Commissioner Melania responded that she had ascertained from Mr. Addario earlier in the meeting that it was his own point of view he would be sharing and not necessarily the viewpoints of his fellow members. Therefore, he would be heard in order of the speakers’ cards she had received from other artists requesting to be heard. The Commissioner called for public comment.
Street Artist Linda Pedersen stated that, after being in the Street Artists Program for many years, she was now living on her Social Security check, and that any increase in the street artist certificate fee would be a hardship for her. In lieu of raising the certificate fee, she suggested that an increase in the present $20 application fee be considered, and/or that newcomers to the Program pay a higher fee for their first quarter than that paid by current certificate-holders, and/or that seniors in the Program receive a discount of their fees.
Street Artist Edward Steneck described the current difficult economy, the worst Christmas selling season he ever experienced, and the medical and other expenses faced by street artists. Expressing a wish that Mr. Addario had already received all the information he had requested, Mr. Steneck said that there should no longer be a need for the Program to bear City Attorney and temp-help expenses, and that the Program Director should now have time to resume his investigations of violation cases.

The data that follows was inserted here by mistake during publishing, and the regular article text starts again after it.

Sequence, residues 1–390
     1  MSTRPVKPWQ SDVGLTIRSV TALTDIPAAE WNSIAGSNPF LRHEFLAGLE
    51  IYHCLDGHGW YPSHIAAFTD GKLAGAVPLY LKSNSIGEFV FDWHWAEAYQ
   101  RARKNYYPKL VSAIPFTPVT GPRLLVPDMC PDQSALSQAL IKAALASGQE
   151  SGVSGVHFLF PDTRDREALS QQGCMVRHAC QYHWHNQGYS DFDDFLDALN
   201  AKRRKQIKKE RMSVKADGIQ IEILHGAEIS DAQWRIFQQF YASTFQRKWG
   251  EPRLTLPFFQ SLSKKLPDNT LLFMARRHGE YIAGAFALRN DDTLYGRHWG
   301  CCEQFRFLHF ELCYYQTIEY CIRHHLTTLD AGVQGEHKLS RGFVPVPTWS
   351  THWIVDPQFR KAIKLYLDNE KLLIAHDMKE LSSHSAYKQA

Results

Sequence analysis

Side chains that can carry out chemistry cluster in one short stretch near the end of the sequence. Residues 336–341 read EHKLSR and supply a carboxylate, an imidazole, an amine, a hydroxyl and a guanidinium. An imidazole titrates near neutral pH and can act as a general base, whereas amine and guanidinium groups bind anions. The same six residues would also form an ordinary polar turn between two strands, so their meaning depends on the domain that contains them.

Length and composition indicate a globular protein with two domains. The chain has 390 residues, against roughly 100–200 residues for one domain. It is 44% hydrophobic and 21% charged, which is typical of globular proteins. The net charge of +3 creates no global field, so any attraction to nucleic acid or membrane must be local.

Street Artist Lynn Sunday stated that she has been a street artist since 1976, that she receives no service for the fees she pays, that the Program does not protect her from having to compete with other artists and vendors for public dollars, and that the Program does not protect her from the behavior of artists who have emotional problems. She went on to say that while she is one of the fortunate artists who do not have to worry about paying their rent, she and her street artist husband have frequently experienced zero-income days. She called the current buying public “the new frugality.”
Street Artist Susan Pete expressed her displeasure in seeing the possibility of a fee increase. The emphasis of the Program, she said, should be in obtaining more selling spaces for the artists; but if Mr. Lazar is unable to spend time in this direction because of his having to fulfill public records requests, the person submitting the requests should cease doing so. Ms. Pete added that, instead of increasing the certificate fee, the Commissioners should consider increasing the application fee – perhaps, to $100 - for new artists.
Street Artist Bill Clark expressed opposition to a fee increase, for three reasons: (1) an attempt should be made to address the Board of Supervisors to return to the Street Artists Program approximately $200,000 in street artist fees the general fund had collected during the early years of the Program; (2) consideration should be given to reducing the number of requested City attorney hours; and (3) consideration should be given to increasing the amount of the application fee.
Street Artist Bob Clark stated that he was no longer in the Street Artists Program because of the costs of previous fee increases. He echoed his brother Bill Clark’s statement about the $200,000 that had been retained by the general fund rather than returned to the Program; if the Program were now to receive this money with interest, the street artist fee could be reduced.